Mile 10 – 09:04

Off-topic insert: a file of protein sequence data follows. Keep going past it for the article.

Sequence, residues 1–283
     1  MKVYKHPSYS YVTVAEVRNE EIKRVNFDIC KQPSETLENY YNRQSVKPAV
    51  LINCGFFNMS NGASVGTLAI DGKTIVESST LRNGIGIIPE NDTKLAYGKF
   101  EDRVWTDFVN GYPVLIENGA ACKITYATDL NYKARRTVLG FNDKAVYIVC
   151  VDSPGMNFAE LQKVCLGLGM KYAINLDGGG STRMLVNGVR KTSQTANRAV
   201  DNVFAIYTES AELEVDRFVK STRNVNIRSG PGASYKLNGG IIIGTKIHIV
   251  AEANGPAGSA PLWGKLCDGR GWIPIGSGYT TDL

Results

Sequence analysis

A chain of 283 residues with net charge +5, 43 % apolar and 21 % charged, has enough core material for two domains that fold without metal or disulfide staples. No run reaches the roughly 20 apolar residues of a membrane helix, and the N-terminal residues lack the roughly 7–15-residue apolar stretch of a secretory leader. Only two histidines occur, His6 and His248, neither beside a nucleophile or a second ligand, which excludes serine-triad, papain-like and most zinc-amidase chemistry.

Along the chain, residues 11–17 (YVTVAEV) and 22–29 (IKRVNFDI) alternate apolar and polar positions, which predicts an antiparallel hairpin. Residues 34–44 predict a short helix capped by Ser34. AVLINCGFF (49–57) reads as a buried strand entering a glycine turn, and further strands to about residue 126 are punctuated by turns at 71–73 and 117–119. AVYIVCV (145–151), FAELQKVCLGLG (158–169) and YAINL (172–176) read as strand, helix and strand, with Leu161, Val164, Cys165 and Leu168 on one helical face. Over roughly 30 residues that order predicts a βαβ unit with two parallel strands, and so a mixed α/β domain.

As you can see, I started off well for my 1st mile which is very hard to do because the crowd rushes forward and you so wanna go with them, the excitement has built, the adrenaline is flowing, and your legs are fresh!  I talk to myself more times during running than I ever do in regular everyday life.  “Slow down, D”, “Feel your pace”, “Run YOUR race”, “Settle into this speed”, “Let them pass”, “Breathing cool…thighs hurting…time still on pace. Maintain it”, “Don’t look down…look up the incline”, “Ride the downhill”, etc.  The hardest thing to do was find my pace, settle into it, and ignore the people who ran past me because I had to stay in my groove and finish my own race.  I knew I’d “die” if I went out too fast but I also didn’t know at what per mile pace I could sustain for the entire race before my legs felt like giving from under me.  Well, they wouldn’t give completely at first.  They’d slow down slowly but surely ignoring my brain telling them to pick it back up.  Then, my mile splits will increase instead of decreasing or remaining consistent.